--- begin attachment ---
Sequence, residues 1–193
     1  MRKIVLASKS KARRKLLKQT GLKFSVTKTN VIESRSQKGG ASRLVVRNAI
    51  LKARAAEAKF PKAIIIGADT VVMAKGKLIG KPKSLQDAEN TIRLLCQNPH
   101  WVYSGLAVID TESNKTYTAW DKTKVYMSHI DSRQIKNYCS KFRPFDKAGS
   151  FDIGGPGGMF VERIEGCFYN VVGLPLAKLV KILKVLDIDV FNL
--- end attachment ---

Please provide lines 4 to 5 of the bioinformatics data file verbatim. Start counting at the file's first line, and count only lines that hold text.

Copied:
   101  WVYSGLAVID TESNKTYTAW DKTKVYMSHI DSRQIKNYCS KFRPFDKAGS
   151  FDIGGPGGMF VERIEGCFYN VVGLPLAKLV KILKVLDIDV FNL